Can San Francisco meet its Vision Zero goals?

Can San Francisco meet its Vision Zero goals?

First implemented in Sweden in the 90s, Vision Zero gained momentum after the rate of road fatalities reached alarming levels and San Francisco was one of the cities to join in 2014. As part of this ambitious project, the San Francisco Municipal Transportation Authority (SFMTA) took on the mission to completely eliminate traffic-related deaths by 2024 and make San Francisco a safer place for motorists and pedestrians alike.

This was, of course, a complex task that required the mobilization of the authorities and a number of traffic safety changes, such as harsher road policies, building better infrastructure and raising awareness among the public. So far, Seattle, Boston, Portland, and New York have made the biggest progress since adopting Vision Zero, but where does San Francisco stand?

When Vision Zero was adopted in 2014, San Francisco had 31 road fatalities, mostly involving pedestrians. According to the latest data found in the city performance scorecards, there are 27 traffic fatalities so far, which is less than when the project started and more than the lowest rate achieved in 2017, of 20 fatalities per year. There’s still a lot of work that needs to be done, especially in terms of bike safety.

Ridesharing vehicles pose a new challenge for bikers and pedestrians

Building separated bike lines was a major improvement that helped San Francisco residents enjoy safer roads. This new bike infrastructure at a city level not only led to fewer crashes, but also contributed more locals to use their bikes on their commute, which has numerous health benefits. From 1990 to 2015, there was a whopping 348% increase in people biking and this has definitely helped make San Francisco a cleaner city.

However, the city could be doing more to keep cyclists safe. In San Francisco, as in many other urban areas, the number of Ubers, Lyfts, and other ridesharing vehicles has increased considerably and this has increased traffic congestion by 40% and led to some serious road safety issues. In 2018 alone, there were no less than 27,000 citations on cars blocking bike lanes and one accident stood out in 2019: 30-year old Tess Rothstein was hit by a truck while cycling in the area of Sixth and Howard streets and died on the spot. The accident, which was met with an outpour of grief and sympathy, also led to protests for protected bike lanes, which could have prevented Rothstein’s death.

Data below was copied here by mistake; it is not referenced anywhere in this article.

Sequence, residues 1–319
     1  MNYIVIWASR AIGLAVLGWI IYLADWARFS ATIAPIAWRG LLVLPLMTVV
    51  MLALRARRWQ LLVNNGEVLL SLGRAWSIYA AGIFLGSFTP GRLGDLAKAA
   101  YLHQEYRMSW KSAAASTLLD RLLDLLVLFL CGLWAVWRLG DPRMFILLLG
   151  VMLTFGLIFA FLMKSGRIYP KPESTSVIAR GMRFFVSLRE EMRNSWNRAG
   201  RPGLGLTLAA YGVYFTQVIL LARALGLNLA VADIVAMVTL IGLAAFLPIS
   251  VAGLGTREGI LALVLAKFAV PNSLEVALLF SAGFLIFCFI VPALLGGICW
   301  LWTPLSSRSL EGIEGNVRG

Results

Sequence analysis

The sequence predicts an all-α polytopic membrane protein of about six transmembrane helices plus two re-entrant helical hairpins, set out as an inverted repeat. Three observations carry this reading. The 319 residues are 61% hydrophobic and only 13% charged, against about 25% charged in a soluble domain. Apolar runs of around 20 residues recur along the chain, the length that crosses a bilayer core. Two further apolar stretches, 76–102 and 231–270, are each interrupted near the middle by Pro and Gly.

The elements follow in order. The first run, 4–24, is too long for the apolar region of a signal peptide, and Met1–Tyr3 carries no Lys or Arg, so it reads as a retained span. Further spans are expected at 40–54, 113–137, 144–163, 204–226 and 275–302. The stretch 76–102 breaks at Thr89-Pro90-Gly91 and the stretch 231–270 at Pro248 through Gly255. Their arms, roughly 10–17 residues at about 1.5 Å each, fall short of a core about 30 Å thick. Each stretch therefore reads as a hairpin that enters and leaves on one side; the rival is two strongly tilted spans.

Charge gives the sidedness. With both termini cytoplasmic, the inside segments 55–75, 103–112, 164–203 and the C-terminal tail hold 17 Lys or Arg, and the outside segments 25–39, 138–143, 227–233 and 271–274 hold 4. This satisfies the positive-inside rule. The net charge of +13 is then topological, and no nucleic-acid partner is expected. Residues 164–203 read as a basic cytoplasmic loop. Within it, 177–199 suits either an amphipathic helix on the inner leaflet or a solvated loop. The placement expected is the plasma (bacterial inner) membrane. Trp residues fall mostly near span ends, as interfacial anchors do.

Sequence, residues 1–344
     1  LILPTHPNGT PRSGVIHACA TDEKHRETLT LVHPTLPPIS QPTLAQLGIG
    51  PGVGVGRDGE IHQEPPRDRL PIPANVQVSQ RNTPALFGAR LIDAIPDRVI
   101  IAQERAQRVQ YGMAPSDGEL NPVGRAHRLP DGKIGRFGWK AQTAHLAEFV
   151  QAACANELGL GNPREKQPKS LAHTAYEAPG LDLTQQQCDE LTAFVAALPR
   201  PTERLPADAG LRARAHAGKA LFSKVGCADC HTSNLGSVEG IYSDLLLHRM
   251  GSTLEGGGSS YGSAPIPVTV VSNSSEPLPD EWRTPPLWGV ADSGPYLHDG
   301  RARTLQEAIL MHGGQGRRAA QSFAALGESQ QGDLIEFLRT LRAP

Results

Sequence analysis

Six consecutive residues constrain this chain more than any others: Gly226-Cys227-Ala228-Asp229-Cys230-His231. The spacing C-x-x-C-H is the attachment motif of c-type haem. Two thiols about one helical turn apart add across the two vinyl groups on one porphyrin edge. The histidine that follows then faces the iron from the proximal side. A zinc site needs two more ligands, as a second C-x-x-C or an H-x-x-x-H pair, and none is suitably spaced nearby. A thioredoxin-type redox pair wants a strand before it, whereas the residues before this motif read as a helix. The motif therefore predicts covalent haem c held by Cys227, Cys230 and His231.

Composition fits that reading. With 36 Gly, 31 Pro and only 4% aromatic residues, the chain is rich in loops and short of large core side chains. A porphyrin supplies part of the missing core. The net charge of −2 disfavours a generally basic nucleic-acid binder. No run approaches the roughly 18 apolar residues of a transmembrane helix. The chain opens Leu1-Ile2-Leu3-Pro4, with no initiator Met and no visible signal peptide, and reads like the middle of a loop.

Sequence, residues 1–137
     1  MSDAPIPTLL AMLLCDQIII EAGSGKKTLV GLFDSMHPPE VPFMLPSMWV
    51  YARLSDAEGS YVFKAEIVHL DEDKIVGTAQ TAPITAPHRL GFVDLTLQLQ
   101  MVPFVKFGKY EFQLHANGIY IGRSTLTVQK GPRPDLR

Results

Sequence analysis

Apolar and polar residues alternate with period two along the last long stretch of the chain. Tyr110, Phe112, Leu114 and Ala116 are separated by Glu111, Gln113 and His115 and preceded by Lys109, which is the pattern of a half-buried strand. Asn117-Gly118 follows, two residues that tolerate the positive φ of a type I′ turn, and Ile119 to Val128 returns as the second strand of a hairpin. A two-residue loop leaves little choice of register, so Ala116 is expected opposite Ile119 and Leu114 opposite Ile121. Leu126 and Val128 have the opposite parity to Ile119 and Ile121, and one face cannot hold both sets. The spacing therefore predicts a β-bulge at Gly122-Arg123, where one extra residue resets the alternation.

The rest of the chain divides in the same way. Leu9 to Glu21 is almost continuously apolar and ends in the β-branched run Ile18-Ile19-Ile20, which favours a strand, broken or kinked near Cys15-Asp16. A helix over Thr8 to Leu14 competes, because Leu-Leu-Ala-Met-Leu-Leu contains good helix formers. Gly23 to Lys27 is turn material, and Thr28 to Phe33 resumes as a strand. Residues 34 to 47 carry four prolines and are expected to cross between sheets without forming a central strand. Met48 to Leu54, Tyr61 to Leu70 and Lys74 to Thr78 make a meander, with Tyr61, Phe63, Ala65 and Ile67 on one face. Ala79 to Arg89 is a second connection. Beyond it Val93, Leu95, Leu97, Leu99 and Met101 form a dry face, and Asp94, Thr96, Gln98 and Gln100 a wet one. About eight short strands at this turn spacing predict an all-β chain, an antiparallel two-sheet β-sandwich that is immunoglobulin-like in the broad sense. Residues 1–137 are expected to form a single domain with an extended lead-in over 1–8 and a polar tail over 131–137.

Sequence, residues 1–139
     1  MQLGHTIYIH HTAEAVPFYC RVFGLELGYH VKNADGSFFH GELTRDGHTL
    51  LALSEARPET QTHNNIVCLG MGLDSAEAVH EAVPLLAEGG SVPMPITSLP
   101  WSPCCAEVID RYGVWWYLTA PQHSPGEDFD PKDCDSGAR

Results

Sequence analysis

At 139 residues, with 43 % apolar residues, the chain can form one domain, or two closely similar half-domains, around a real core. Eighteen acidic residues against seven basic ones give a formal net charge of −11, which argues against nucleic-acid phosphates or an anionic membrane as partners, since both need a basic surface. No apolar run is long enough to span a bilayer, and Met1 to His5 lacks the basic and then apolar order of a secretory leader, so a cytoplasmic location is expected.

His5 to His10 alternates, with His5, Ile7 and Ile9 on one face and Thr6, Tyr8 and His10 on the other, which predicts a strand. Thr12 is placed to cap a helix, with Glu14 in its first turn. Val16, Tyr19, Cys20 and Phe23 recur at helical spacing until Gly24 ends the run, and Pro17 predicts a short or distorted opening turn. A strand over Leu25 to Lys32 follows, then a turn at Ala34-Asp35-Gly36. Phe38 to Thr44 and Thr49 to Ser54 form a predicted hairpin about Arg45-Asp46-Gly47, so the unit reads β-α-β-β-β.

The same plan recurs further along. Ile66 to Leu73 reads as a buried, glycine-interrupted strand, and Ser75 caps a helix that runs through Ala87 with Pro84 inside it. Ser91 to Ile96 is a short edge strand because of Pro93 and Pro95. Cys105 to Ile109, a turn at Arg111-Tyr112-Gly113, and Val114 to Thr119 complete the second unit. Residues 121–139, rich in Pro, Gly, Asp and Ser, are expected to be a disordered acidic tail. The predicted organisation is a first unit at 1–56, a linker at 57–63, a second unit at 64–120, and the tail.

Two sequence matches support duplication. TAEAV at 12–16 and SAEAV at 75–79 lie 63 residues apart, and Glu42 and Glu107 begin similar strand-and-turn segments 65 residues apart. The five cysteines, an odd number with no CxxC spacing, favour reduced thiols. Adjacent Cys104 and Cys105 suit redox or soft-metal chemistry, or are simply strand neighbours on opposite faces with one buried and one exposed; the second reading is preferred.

Although there have been fewer car crash claims in the past few years, authorities also need to factor in new challenges and find solutions for problems that didn’t exist back when Vision Zero was adopted.

In May 2019, Mayor London Breed announced that the city plans to create 20 miles of new protected bike lanes and thus create a connected network to increase the safety of bikers. He also added that these protected lanes are a vital part of San Francisco’s growing infrastructure and that keeping other cars out of the bike lanes is key in reducing congestion.

The city also announced plans to grow the bike-sharing fleet up to 11,000 rental bikes from 2,000 in an effort to fluidify traffic, but the measure wasn’t well received by Lyft, which sued San Francisco on the grounds that it broke their exclusive rights to bike-sharing.

Speed reduction remains a top concern

“One death is too many”. San Francisco drivers see these signs from Vision Zero quite often in traffic, but signs aren’t actionable measures, pedestrians complain. After San Francisco road fatalities reached an all-time low in 2017, the city failed to maintain these results and most accidents happen because of speeding.

In November, the Board of Supervisors declared a state of emergency for traffic safety in San Francisco in an effort to raise awareness of the devastating consequences of reckless driving. Compared to other cities, San Francisco has relatively relaxed penalties for speeding and speed cameras aren’t legal yet in California. On a national level, speeding has been found to cause 30% of fatal road accidents.

San Francisco has many dangerous intersections such as Third and Folsom and Howard and First, and residents worry that without urgent changes in legislation the city will become more and more unsafe.

Road quality and pedestrian safety in San Francisco

Apart from protected bike lanes and better anti-speeding measures, San Francisco could also be doing a lot more to improve road quality, which plays an important role in road safety too. Decades of neglect have left their mark on San Francisco roads which, for several years in a row, rank as the very worst in the country, according to a TRIP study. With 71% of roads in San Francisco and its suburbs in poor condition, it comes as no surprise that other injury claims are also on the rise.

Senior pedestrians are at particularly high risk. Recently, the District Attorney’s Office launched a campaign in support of Vision Zero SF, highlighting that 63% of pedestrian fatalities in 2016 were seniors, although they only make up 15% of the city’s population. Statistically, seniors are five times more likely than young people to die from a vehicular collision or sustain serious injuries after stumbling and falling as a result of poor road quality. A few years ago, there was even a formal protest highlighting the dangers of crosswalks for seniors with disabilities in San Francisco, who clearly don’t have enough time to cross the street safely

Combined with all the other traffic issues that San Francisco faces, poor road quality can also increase bike injuries and further increases the risk of car accidents.


Can San Francisco meet its Vision Zero goals?

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